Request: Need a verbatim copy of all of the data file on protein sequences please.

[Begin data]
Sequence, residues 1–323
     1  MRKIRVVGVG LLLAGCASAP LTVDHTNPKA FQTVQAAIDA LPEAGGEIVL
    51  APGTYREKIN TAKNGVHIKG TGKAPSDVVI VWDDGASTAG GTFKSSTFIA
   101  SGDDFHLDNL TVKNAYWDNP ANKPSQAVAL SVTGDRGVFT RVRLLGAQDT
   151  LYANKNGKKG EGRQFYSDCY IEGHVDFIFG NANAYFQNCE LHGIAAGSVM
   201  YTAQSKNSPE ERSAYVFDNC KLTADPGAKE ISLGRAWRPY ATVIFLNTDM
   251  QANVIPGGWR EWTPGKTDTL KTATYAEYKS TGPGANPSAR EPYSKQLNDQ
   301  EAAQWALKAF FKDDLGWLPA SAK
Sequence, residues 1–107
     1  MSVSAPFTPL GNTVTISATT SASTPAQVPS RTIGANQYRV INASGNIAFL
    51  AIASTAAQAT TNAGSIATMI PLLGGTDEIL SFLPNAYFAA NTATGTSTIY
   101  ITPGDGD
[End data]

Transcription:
Sequence, residues 1–323
     1  MRKIRVVGVG LLLAGCASAP LTVDHTNPKA FQTVQAAIDA LPEAGGEIVL
    51  APGTYREKIN TAKNGVHIKG TGKAPSDVVI VWDDGASTAG GTFKSSTFIA
   101  SGDDFHLDNL TVKNAYWDNP ANKPSQAVAL SVTGDRGVFT RVRLLGAQDT
   151  LYANKNGKKG EGRQFYSDCY IEGHVDFIFG NANAYFQNCE LHGIAAGSVM
   201  YTAQSKNSPE ERSAYVFDNC KLTADPGAKE ISLGRAWRPY ATVIFLNTDM
   251  QANVIPGGWR EWTPGKTDTL KTATYAEYKS TGPGANPSAR EPYSKQLNDQ
   301  EAAQWALKAF FKDDLGWLPA SAK
Sequence, residues 1–107
     1  MSVSAPFTPL GNTVTISATT SASTPAQVPS RTIGANQYRV INASGNIAFL
    51  AIASTAAQAT TNAGSIATMI PLLGGTDEIL SFLPNAYFAA NTATGTSTIY
   101  ITPGDGD